15 Things I’m Doing with All This Extra Time

Here in Bangkok, students who attend Thai schools are currently on summer vacation while international schools were ordered to close on March 18 for 2 weeks. My school has moved our 2-week spring vacation forward, so we aren’t scheduled to go back to school until April 13, but who knows if we’ll actually go back on that day. Since I’ve started this post, the governor of Bangkok has announced that all malls and restaurants in Bangkok will close from tomorrow until April 12, but that grocery stores and fresh markets will remain open.

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Vareishum Kamkara: The man who pastored 10 churches over 50 years in the Northern Tangkhul region

Pastor Vareishum in April 2016. He and his friends made baskets to support themselves.

Early Life

Pastor Vareishum Kamkara was born on December 28, 1928, in Nungbi Khullen Village, Ukhrul, Manipur, India. His parents were animists, as were most Tangkhul Nagas at that time.

When Vareishum was 14, his mother passed away. His father struggled to take care of their children. Six months after the death of his mother, Vareishum’s father died from malaria and he and his siblings became orphans.

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The Supremacy of God in Preaching

John Piper

Kingsway Publications, 1990

It’s Christmas Eve, several years ago. I’m at church, and the youth pastor is talking about the time he was in a band. It feels like a comic routine, and I’m waiting for him to get to the message, the message of Jesus coming to earth as part of God’s plan to save humanity from an eternity without Him, you know the one, but he never gets there. The only thing I remember him saying about Jesus is that He was a carpenter who died on a tree.

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Adoniram Judson: Bound for Burma

Janet and Geoff Benge

YWAM Publishing, 2000

When I was growing up, missionaries visited our California church often to participate in annual missions conferences and to raise support. My family often took these missionaries out for lunch after church on Sundays and hosted quite a few of them for short stays at our house. I think all the time we spent with missionaries played a big role in God’s call for us to become missionaries when I was in high school. (I talk a little bit more about that in this post.)

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Ancient City (Muang Boran)

There is so much to see and do in Bangkok; after 8 1/2 years here, I still have so much to experience, but we were able to check one more thing off the list last weekend. Some of Worchihan’s sweet, sweet former English students took us to Ancient City (known as Muang Boran or เมืองโบราณ in Thai) to experience as much of Thailand as you’ll ever be able to experience in one day.

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George Town, Penang: Armenian Street and What I Bought

If you read the first George Town post, you’ll know our trip was last-minute. You’ll also find out where we stayed and what we ate. I wrote about what we did in the second post, but decided Armenian Street (and what I bought) needed its own post.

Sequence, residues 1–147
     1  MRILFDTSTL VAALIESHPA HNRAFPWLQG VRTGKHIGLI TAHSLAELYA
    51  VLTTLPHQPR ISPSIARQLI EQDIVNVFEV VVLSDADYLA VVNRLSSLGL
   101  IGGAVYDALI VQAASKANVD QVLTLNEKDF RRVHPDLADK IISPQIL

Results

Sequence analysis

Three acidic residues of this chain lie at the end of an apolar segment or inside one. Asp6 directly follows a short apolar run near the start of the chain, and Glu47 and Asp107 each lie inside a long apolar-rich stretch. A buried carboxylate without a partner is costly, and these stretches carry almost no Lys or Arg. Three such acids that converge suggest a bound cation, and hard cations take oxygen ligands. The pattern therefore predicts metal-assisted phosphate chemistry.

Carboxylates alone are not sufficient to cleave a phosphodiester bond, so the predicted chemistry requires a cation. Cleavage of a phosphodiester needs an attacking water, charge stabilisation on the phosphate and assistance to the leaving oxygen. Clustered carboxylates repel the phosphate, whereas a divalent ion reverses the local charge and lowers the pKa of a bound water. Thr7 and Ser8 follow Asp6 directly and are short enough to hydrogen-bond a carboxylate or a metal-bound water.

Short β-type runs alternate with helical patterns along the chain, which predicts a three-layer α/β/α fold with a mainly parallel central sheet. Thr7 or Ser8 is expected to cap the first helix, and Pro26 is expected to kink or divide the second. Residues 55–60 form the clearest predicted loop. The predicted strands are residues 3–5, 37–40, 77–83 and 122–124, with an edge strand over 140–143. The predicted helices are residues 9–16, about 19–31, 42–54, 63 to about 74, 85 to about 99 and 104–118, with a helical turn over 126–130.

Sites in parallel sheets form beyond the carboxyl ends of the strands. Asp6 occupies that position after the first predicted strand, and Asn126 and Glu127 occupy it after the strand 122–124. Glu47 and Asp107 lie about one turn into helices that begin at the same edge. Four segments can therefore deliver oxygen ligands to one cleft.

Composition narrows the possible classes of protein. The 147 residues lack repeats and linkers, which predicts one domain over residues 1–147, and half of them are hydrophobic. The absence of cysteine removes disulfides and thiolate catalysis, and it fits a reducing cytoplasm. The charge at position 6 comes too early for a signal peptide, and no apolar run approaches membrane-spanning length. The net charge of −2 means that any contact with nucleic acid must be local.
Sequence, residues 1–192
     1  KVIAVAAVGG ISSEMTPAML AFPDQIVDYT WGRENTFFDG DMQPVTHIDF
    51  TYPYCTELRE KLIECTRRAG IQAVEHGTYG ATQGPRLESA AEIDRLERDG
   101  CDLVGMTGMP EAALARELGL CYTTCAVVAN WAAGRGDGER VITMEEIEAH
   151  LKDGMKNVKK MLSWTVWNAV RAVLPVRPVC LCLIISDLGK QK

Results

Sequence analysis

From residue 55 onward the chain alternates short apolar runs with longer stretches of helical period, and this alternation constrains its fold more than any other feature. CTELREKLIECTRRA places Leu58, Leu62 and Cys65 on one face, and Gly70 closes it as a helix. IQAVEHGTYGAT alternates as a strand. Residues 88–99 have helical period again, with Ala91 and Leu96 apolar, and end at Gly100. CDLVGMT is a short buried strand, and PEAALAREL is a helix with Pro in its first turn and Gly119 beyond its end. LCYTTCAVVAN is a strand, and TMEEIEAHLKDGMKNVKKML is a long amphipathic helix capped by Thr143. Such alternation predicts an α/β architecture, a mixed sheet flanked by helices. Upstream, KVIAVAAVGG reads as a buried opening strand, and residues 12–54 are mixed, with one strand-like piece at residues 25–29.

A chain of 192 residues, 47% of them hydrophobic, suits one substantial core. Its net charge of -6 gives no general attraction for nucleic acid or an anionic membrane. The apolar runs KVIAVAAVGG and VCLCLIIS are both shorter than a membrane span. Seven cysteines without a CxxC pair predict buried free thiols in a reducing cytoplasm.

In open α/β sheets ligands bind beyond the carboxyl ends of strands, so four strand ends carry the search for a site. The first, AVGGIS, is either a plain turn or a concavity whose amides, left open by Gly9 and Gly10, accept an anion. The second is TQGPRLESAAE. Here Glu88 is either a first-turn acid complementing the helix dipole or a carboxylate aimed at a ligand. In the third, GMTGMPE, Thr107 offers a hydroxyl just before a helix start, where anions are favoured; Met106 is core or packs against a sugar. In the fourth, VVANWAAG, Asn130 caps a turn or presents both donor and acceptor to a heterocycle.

(Disclaimer: I am not a shopping advocate. I try to buy what I need, as well as chocolate and local art and books when I travel. I am including what I bought on this trip because I was impressed by the amount and high quality of the local products made in Malaysia by Malaysians.)

On our first morning in George Town, I went for a walk and stumbled upon this little street, which I didn’t know anything about, because, again, I hadn’t done any planning for this trip, which, as I’ve discovered, is the best way to be pleasantly surprised!

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Women on the Move: Hanoi’s Migrant Roving Street Vendors

Bangkok is the perfect springboard for exploring southeast Asia. Flights are short and inexpensive. Since I’ve lived here, I’ve visited Cambodia, Vietnam, Burma, Singapore, Malaysia and the Philippines – 6 of the 11 southeast Asian nations. (Of the remaining countries, Laos is at the top of my list.)

When I was a child, I bought pencils and keychains as souvenirs. Then it was t-shirts, but I found that in Asia, they don’t fit me very well, so now I buy art and sometimes books. In Singapore, I bought The Little Singapore Book, a children’s book with beautiful illustrations that is also perfect for adults. At the Vietnamese Women’s Museum in Hanoi, I bought Women on the Move: Hanoi’s Migrant Roving Street Vendors.

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George Town, Penang: Sleeping and Eating

So I now know how to plan a I-have-to-leave-the-country-in 5-days trip. My first thought: I need to go somewhere where I don’t need a visa and Worchihan can get one quickly. That meant Myanmar, Cambodia, Vietnam, and Laos were out — Americans need visas for them all — so Malaysia it was. I had heard that George Town in Penang was a cool place so I headed straight to Agoda and then to Google Flights, which is clearly out of order (no one makes me feel more like I have to do something RIGHT NOW than Agoda). It wasn’t until we got to the airport that I looked up how we could get to George Town from the airport — and that’s all the research I did. (Old Susan may not have been friends with new Susan — I mean, come on, I did have 4 full days to plan the trip!)

So, I come to lesson 1: You can have a great time on a trip whether you research the heck out of it or not.

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